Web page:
You know who else would love to have a tracking system and kill switch option that couldn’t be turned off built into every device? The government could definitely potentially abuse a system like this, but then so could a capable criminal gang. Are the people pushing the legislation genuinely doing it out of concern for consumers?

NSA Building

Some fear that the NSA and other government entities could use kill switch infrastructure for monitoring purposes.

Would kill switches work anyway?

It would definitely be good if we could find a way to deter mobile device theft, but are kill switches the right answer? Are they really going to stop violent crime and smartphone theft?

For this to truly work as a deterrent it has to be ubiquitous. The kill switch must work across the board on every device, and it must be resistant to resets and wipes that thieves can perform. If it’s not going to be irreversible, then it had better require a method that thieves can’t emulate. It also has to be a decision that only the owner can make, not carriers, manufacturers, governments, or law enforcement. Even taking all of that into consideration, if you don’t block more than just cell service and data network connections the device will still have resale value. Even if you brick it entirely and irreversibly thieves could sell it for parts.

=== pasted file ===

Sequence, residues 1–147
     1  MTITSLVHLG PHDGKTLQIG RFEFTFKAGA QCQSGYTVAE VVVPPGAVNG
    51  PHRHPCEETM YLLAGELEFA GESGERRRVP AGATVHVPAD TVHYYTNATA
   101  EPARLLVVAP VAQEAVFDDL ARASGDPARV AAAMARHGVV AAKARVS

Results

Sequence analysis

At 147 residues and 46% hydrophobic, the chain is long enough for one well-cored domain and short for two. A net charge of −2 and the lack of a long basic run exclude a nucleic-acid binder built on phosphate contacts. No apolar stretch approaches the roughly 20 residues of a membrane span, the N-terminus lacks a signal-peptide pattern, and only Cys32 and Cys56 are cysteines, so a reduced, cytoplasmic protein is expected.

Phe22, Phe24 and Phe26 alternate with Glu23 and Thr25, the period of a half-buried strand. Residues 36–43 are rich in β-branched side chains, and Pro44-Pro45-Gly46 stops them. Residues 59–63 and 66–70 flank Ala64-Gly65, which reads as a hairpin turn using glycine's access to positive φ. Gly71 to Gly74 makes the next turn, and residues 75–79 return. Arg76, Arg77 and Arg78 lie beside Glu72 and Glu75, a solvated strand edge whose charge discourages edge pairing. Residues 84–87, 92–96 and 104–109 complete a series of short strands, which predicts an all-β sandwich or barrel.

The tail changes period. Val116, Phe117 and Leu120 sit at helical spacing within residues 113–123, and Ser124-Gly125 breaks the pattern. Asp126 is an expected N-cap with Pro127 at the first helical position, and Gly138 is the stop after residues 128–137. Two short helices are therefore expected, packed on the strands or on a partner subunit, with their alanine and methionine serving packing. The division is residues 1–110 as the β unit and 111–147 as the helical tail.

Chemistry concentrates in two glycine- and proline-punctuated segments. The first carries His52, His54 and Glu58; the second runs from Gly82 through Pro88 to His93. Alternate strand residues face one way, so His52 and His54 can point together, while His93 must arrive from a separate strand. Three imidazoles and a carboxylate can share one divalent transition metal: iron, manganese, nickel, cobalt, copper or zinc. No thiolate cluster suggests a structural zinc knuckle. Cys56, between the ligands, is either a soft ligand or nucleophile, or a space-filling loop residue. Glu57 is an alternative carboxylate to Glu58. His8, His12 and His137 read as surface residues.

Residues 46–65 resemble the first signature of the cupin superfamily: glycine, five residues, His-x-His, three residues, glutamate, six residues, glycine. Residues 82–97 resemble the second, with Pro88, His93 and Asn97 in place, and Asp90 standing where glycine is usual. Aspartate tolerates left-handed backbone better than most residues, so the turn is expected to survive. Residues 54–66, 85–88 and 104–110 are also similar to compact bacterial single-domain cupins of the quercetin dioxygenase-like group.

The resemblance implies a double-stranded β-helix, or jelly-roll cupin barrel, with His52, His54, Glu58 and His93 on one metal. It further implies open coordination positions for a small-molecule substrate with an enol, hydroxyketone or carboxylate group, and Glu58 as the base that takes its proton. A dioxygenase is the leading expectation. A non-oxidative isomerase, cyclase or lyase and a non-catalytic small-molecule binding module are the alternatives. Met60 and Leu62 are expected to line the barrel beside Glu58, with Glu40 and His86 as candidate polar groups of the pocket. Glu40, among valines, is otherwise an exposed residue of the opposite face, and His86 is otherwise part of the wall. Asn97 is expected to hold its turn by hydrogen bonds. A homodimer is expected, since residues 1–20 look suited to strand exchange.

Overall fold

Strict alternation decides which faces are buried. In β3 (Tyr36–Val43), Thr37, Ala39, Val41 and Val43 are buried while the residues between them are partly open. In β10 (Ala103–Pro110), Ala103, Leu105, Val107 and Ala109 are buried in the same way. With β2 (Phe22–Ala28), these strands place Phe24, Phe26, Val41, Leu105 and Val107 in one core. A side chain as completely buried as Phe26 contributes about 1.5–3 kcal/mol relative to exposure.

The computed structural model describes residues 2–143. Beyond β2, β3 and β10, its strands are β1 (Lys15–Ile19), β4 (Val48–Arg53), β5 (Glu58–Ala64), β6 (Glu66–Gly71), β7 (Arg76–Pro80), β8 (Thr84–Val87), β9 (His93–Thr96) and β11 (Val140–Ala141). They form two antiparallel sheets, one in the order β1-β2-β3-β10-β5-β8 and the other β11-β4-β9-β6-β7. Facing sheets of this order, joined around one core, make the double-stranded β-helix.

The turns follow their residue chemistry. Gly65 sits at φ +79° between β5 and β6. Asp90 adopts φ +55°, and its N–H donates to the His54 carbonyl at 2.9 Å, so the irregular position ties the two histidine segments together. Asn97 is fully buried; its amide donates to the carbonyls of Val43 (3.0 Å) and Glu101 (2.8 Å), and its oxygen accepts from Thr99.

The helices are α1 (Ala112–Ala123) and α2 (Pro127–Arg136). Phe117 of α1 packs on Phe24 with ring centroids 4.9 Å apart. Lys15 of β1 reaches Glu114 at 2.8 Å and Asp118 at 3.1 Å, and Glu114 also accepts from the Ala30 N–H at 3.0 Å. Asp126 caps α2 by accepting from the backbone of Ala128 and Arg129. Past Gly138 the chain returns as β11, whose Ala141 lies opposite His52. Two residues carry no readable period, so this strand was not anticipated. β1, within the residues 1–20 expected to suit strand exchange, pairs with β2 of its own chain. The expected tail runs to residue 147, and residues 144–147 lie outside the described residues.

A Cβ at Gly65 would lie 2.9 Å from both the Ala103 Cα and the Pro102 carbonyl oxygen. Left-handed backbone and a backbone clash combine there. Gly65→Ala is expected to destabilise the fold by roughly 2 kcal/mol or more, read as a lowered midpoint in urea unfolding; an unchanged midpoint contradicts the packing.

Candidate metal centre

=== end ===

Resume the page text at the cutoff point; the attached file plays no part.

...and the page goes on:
Will this really deter thieves? Despite the flaws and concerns, do you think it’s a step in the right direction? Sound off in the comments and let us know what you think.

  • RarestName

    iOS activation lock?